Viena do Castelo
- 105-819 Sargent Ave.
Hey there, time traveller!
This article was published 22/6/2015 (1706 days ago), so information in it may no longer be current.
Go back a couple of decades, and the West End was predominantly Portuguese-Canadian. Now, Sargent Avenue boasts Winnipeg's most culturally diverse collection of independently owned restaurants, with Filipino breakfast joints, Vietnamese noodle houses and Ethiopian diners scattered along the glorious 1.5-kilometre stretch from Banning to Balmoral streets.
A few remnants of Sargent Avenue's Portuguese past remain in the form of indefatigable pastry purveyor Lisbon Bakery and a relative new kid on o bloco, Viena Do Castelo, a Portuguese grocer, caterer, bakery and take-out food counter that opened west of Arlington Street in 2011.
Four years ago, most of the sales in this shop, which occupies the blocky end of a nondescript commercial strip, came from the sale of Portuguese dry goods. Owners Luis Esteves and Ana Godinho Esteves also sold pork bifanas — fried slices of marinated pork, slathered in sautéed onions and slapped into a slightly crusty roll — as well as some form of soup.
Now, the bulk of the business is made up of catering and counter sales of Portuguese specialties that make no pretense of appeasing non-Iberian palates. There's fried whole baby mackerel, pork-blood sausage, octopus stew, salted cod with potatoes in cream sauce and a fantastic, house-made chourico.
The disappearance of these foodstuffs from Winnipeg restaurants was part of what inspired Luis Esteves to quit his job as a commercial banker — and enjoy the relative comfort of bankers' hours — to spend 15-hour days stuffing sausages.
"There was a lack of what we do in the city," said Esteves, sitting at one of the few sit-down tables in his shop. "For some reason, this city hasn't been able to maintain a Portuguese restaurant."
The main reason is prior Portuguese restaurants ignored what many food-literate consumers want: authentic dishes prepared from scratch, without the pretense of a fine-dining experience.
The lunch-counter format has proven so successful for Viena Do Castelo, the clientele has expanded past a Portuguese ethnic base to serve the West End's cultural mosaic. Esteves said Caribbean customers come for the salt cod, Filipino-Canadians like the fried fish and families with no connection to Portugal whatsoever have used the catering service for weddings.
"We feel we've changed the perception of Portuguese food in the community," said Esteves, speaking about the city as a whole.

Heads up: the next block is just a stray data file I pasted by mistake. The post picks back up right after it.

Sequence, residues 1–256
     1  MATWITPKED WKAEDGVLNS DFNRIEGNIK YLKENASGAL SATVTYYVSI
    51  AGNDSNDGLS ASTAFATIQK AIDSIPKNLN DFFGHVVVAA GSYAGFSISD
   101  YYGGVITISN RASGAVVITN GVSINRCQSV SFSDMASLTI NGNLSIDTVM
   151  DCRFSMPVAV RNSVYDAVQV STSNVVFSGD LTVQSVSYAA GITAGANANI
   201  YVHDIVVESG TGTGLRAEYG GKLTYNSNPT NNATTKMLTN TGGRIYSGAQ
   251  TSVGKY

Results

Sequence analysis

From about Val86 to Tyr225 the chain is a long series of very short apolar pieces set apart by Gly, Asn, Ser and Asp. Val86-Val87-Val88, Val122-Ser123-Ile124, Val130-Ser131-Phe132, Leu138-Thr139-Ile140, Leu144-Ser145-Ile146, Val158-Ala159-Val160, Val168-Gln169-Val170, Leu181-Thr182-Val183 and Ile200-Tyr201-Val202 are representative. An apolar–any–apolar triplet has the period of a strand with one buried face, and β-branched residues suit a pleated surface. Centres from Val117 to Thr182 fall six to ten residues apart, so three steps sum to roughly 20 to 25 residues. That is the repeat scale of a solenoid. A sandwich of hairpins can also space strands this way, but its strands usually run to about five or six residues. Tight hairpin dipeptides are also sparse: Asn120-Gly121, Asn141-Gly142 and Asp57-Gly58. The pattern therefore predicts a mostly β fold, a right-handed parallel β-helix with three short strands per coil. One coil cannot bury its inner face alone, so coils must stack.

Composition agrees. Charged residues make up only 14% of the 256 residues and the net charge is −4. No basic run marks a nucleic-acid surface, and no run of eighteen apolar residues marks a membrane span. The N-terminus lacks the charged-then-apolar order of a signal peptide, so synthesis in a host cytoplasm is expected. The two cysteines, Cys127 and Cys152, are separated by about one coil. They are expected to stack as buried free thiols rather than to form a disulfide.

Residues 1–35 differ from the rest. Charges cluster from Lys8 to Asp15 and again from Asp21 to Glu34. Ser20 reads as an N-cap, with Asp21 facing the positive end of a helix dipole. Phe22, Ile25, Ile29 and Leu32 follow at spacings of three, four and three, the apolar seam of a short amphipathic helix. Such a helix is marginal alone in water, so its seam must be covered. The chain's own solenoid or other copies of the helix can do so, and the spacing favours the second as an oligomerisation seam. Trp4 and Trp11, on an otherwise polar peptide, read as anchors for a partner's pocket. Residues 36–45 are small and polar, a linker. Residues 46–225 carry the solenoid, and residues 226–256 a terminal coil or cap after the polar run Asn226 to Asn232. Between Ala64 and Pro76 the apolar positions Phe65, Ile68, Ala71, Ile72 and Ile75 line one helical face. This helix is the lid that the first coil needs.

The changes to the West End — both ethnic and socioeconomic — are another matter.
"I've grown up in this area. I've lived here all my life. I've seen the changes, and I'm used to the changes," he said.
What he said he doesn't comprehend is the notion his inner-city neighbourhood may be perceived as undesirable or even scary to people who live elsewhere in Winnipeg. Sargent Avenue's diversity has proven a boon to all the food purveyors along the strip, he said, even though he acknowledged there could be easier places to park than along the pedestrian-oriented inner-city artery.
What definitely isn't easy is the life of an artisanal sausage maker. It takes five days for Esteves and Ana to make chourico, which they crank out at the rate of 90 kilograms per week.
First, pork butt (actually the shoulder of the pig) is trimmed of most of its fat and cut into coarse chunks. Grinding would produce the wrong consistency, Esteves said.
The pork is marinated in wine and spices for two days, stuffed into pork-intestine casings and then hung for another day to dry. After that, they're smoked off-site at a butcher for another day.
The end product is best eaten fresh but can survive three weeks in a refrigerator, Esteves said. Commercial sausages laden with preservatives just can't match the flavour or the consistency.
"As soon as you add preservatives to the meat, it's going to change the texture and the flavour," he said. "This recipe has been handed down for generations."
It cost the Esteveses about $120,000 to start this business. Esteves gave up his banking job, Ana ditched a gig at the Winnipeg School Division. The grocery must support them and three kids aged 10 and under, whose birthdates are inscribed in tattoo form below the word "Familia" on Esteves' arm.
"I used up all my personal savings to open this place up," he said. "It's still scary. In March, we hit our five-year mark and there are a lot of decisions to make."
The big one involves whether or not to remain in the location, but Viena Do Castelo is not leaving the heart of Portuguese Winnipeg. "We want to stay in the West End," Esteves said.
Viena do Castelo
They’re in every corner of the city: the weird little store that stocks exactly what you’re looking for, or that mashup of a place that carries a little bit of everything.
It could be that little diner with the crusty owner that makes the best burgers in town. Or maybe it’s that odd little store, café or restaurant that’s been around forever and caters to a mysterious clientele.
A Neighbourhood Joint can be just about anything, but more often than not, it’s what makes your neighbourhood unique.
But the reality of keeping these Neighbourhood Joints in business is a struggle.
In this summer series, Free Press reporters shine a light on some of these under-the-radar spots.
Updated on Monday, June 22, 2015 at 7:07 AM CDT: Replaces photo